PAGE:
The entire dinner scene unfolds like a splendidly understated symphony of sensual and spiritual wonder with welcome notes of subtle humor. Twelve diners at a different sort of Last Supper. Food fit for a king laid out for a pious group, who, up until then, had never seen, smelled, touched or tasted nourishment such as this. As they drink their first glasses of wine, their cheeks redden and they are rejuvenated and renewed. Old grudges are forgotten; forgiveness and conviviality reign at this communion created with Babette’s love.
As viewers, we are free to imagine the flavors and textures which passed through their lips. I love the moment when they first dip their spoons in Babette’s turtle soup and sip the clear broth. A beautiful restraint: no sound except the gentle clinking of silver against china — but their expressions suggest taste buds awakening to unforetold rapture. As Colonel Galliffet said, when you are in love with such fine cuisine, there is no distinction between the physical and spiritual.
And what of Babette? She remains in the kitchen throughout the meal. Watching her cook, a true artiste thriving in her element, is in itself soul satisfying and inspiring, because you witness her coming into herself. The preparations are tedious and elaborate. It is indeed miraculous that such a meal could emerge from the sisters’ small, rustic kitchen. There are close-ups of Babette rolling and cutting the blinis, slicing a plucked quail and placing it in its pastry shell, pouring rum over her sponge cake, arranging papaya, grapes, figs, pineapple and peaches on silver trays, slicing a wheel of blue cheese. We have already sensed that she is the aforementioned female chef at the Café Anglais, but not until after the guests have all gone home, do we learn she has spent all her lottery money for this one feast. “I am a great artist!” she tells Martine and Philippa. She says a great artist is never poor. And then she tells Philippa, who passed up her chance to become a world renown opera singer, what Achille Papin had once told her:
“Through all the world there goes one long cry from the heart of the artist. Give me the chance to do my best!”
Babette chose not to return to Paris. For one evening, she was able to relive her past glory as a great chef. She sacrificed all for this one chance to perform her art, selflessly, with no thought of reward. She was able to recall the country she had lost in the most unlikely of places and circumstances.
“Babette’s Feast” is a beautiful example of the transcendent power of art. When the circle is complete — a reader for the writer, a listener for the musician, an appreciative eye for the painter, or an enthusiastic diner for the chef, then it has fulfilled its ultimate purpose. Art does not have to play out on a grand stage. Babette had cooked for the most illustrious people in Paris, yet her feast in faraway Jutland was the true miracle. Philippa refused a life on the stage, yet her singing brought deep pleasure to her bethren. The true artist always strives for excellence, gaining self fulfillment through making others happy. Babette’s cooking was an extension of her soul.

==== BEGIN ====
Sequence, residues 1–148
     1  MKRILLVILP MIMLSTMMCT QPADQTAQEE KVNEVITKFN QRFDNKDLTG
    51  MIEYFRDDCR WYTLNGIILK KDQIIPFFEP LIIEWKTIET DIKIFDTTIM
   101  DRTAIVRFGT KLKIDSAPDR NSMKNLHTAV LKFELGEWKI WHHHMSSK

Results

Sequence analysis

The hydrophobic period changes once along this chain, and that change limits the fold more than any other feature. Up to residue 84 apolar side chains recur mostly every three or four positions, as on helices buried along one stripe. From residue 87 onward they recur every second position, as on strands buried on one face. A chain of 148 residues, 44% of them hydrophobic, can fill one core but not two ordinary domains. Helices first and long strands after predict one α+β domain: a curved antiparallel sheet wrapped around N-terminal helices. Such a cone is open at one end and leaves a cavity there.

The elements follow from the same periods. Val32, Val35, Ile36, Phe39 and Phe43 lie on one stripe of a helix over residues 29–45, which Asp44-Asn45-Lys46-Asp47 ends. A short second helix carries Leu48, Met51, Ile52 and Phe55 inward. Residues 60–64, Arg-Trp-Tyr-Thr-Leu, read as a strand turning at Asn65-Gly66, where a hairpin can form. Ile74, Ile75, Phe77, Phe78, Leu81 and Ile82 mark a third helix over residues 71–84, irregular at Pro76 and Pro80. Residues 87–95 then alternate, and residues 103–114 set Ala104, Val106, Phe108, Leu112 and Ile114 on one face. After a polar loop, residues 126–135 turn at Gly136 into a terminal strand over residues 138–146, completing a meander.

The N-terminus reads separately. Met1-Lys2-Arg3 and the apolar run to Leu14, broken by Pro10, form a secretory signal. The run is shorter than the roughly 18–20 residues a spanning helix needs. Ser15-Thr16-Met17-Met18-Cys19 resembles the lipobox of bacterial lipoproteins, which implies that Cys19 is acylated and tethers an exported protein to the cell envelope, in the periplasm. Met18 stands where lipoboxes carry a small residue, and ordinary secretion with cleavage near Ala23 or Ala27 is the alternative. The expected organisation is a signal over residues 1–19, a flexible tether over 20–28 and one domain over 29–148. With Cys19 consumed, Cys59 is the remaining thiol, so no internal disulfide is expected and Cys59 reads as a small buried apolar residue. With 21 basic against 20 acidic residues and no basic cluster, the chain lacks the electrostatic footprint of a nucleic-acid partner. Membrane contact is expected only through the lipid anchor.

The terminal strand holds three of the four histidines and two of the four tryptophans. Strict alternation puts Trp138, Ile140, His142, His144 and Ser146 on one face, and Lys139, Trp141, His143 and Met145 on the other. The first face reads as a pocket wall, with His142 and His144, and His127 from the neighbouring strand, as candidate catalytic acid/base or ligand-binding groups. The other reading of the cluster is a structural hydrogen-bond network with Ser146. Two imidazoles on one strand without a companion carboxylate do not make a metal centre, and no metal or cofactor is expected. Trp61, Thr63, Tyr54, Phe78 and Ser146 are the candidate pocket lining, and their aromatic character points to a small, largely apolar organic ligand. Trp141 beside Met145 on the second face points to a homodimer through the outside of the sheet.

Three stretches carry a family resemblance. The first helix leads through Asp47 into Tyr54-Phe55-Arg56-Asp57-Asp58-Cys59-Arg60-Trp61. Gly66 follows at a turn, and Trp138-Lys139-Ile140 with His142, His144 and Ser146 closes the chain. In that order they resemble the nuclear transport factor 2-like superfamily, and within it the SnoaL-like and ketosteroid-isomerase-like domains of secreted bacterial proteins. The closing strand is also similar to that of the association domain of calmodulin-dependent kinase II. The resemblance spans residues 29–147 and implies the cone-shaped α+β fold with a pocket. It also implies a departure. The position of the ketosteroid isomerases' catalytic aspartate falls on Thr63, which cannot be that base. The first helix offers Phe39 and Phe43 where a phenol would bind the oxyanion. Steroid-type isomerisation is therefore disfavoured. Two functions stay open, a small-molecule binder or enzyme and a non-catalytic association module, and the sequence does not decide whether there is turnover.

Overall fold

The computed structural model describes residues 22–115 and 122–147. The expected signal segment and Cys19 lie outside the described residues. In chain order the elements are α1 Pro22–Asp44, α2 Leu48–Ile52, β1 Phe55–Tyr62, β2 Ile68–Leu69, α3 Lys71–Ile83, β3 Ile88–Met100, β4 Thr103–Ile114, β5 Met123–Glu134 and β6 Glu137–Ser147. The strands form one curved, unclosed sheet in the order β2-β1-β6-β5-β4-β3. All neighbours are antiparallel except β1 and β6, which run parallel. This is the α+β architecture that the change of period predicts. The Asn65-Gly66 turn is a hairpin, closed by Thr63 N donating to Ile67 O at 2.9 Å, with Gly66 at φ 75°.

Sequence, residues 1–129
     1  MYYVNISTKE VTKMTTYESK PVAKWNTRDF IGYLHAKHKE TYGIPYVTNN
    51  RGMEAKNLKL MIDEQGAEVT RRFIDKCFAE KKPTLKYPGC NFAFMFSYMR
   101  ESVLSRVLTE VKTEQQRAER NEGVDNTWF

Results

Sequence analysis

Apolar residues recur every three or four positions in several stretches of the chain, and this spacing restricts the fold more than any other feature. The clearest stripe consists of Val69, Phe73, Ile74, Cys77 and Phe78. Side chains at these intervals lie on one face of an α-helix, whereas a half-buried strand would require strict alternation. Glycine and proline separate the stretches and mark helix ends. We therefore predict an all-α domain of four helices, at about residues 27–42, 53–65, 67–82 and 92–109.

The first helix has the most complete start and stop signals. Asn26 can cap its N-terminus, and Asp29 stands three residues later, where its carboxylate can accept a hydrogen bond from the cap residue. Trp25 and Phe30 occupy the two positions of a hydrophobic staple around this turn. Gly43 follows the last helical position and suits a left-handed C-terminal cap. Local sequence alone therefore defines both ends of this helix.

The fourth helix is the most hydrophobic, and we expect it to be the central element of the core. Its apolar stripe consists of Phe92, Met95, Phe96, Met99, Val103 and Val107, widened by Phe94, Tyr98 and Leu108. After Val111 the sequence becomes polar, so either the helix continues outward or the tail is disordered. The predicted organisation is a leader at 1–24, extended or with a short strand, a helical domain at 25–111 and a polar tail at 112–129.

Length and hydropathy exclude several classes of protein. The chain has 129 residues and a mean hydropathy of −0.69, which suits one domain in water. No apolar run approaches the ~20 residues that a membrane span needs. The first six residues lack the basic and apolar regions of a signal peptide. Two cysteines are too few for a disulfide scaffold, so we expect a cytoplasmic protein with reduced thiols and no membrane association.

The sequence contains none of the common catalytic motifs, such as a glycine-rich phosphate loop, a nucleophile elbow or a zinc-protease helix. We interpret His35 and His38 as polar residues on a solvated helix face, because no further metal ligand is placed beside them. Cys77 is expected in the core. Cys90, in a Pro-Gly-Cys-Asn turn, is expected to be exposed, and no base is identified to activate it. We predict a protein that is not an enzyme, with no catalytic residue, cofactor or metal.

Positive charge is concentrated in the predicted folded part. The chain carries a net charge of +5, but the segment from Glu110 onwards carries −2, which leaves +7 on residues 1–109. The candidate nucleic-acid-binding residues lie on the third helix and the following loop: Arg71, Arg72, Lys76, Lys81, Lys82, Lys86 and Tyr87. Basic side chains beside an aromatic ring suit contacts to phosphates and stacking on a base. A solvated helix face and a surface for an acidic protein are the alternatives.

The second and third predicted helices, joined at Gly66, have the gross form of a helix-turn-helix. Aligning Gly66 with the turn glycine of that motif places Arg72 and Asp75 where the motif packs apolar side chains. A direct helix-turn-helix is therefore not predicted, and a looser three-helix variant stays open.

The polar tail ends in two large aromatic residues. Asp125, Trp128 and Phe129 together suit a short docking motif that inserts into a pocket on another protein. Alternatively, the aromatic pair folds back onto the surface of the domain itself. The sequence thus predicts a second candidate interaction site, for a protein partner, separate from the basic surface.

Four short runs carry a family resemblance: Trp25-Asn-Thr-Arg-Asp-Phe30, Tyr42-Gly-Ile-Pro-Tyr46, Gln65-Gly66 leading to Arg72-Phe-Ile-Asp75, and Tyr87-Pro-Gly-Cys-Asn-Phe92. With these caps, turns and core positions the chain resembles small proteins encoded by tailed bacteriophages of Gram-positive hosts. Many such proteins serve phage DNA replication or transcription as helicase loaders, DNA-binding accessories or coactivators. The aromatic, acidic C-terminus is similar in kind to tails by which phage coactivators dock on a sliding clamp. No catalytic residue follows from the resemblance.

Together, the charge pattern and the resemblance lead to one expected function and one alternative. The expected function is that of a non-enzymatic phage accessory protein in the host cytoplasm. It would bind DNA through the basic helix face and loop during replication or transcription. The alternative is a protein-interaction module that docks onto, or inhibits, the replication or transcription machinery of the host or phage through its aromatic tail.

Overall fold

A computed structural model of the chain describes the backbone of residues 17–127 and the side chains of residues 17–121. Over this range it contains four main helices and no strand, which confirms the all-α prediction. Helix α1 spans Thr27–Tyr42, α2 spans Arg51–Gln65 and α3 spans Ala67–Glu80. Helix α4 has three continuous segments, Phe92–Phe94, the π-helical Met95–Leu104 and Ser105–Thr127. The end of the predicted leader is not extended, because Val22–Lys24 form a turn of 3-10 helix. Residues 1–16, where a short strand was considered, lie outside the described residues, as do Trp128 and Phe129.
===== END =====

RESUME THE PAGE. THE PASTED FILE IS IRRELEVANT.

The many layers, parables, and themes of the story continue to stimulate thought and discussion. That Dinesen decided to portray a woman as the greatest chef in Europe (something that clearly would not have been possible at that time), is admirable and fascinating. There is the stark contrast between the self-denial of the Protestants vs. the self-indulgence of the Catholics, but by story’s end, there is a merging of the ascetic with the aesthetic, as all the characters are transformed. What I like most about “Babette’s Feast” is Dinesen’s statement about the role of the artist, as she awaits the opportunity to serve, albeit in lesser surroundings. That hope is what we will carry with us, the food that sustains beyond reach.
♥ ♥ ♥ ♥ ♥ ♥ ♥
“Babette’s Feast” was first published in Ladies Home Journal (1950), and is included in Dinesen’s collection, Anecdotes of Destiny and Ehrengard (Random House, 1958).
The Café Anglais opened in 1802, and was frequented by royalty, aristocrats, actors and patrons of the nearby Opera House. It gained its highest gastronomic reputation after the arrival of Chef de Cuisine Adolphe Dugléré, who invented Pommes Anna.
Click here to watch excerpts from the movie, showing kitchen preparation and guests dining.
Click here for the official “Babette’s Feast” webpage, with loads of great links to reviews, essays and recipes.
“In this beautiful world of ours, all things are possible.”
Copyright © 2009 Jama Rattigan of jama rattigan’s alphabet soup.